Only TSOs owning curative actions allow CNECs to have a TATL which exceeds the PATL value. Operating the system with curative actions allows to overload a line temporarily, thus allowing more flexibility in grid operations.

Operationally, curative actions are sized in order to overcome the difference between these two limits (TATL-PATL).
While during preventive actions, only the TATL has to be respected (active flow should remain below this value), curative actions (if properly sized), should be able to reduce the active flow in order to respect the PATL value.
Where curative actions are not sized properly and are not sufficient to respect the two limits, CASTOR will then investigate additional preventive remedial actions, by running a second preventive optimisation.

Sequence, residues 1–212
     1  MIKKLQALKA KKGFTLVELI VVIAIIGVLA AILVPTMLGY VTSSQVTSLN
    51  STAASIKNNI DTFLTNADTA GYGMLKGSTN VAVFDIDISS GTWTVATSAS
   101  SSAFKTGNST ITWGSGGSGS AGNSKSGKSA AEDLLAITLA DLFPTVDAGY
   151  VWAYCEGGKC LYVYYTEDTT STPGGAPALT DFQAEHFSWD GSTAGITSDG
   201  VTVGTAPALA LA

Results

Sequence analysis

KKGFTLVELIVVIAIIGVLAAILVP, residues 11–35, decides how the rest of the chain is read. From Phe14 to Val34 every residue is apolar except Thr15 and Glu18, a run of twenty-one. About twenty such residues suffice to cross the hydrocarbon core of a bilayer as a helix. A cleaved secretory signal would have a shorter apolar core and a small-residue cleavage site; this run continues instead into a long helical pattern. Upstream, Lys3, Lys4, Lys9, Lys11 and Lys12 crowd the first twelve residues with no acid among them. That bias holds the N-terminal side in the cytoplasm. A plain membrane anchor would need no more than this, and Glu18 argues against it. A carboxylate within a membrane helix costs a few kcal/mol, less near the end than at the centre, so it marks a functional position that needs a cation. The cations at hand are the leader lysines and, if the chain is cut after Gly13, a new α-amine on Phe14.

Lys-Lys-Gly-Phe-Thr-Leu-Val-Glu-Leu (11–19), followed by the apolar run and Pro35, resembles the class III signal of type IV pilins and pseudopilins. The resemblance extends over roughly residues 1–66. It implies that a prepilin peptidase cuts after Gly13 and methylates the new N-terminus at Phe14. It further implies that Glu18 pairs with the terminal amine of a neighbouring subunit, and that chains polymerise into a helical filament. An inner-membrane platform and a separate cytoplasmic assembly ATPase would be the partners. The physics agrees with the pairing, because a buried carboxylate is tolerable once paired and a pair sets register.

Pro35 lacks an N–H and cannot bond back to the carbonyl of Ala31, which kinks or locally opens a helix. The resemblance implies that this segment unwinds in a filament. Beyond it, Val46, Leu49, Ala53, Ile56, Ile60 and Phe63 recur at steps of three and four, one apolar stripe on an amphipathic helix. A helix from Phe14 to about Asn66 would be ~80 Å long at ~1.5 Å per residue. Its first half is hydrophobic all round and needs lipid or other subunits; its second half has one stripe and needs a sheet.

Therefore, preventive optimisation is more permissive with CNECs defined with a TATL larger than the PATL: this allows preventive optimisation to focus preferably on CNECs with a low TATL (in particular where TSOs do not define curative actions).
When switching to the curative problem, the PATL applies, and the potential negative impact of previously found preventive actions (limited by the consideration of TATL) should be overcome by the available curative actions.

In the example below, preventive actions applied might have a negative impact on a particular CNEC (if the objective function value can be increased through the application of this action) when compared with the initial situation: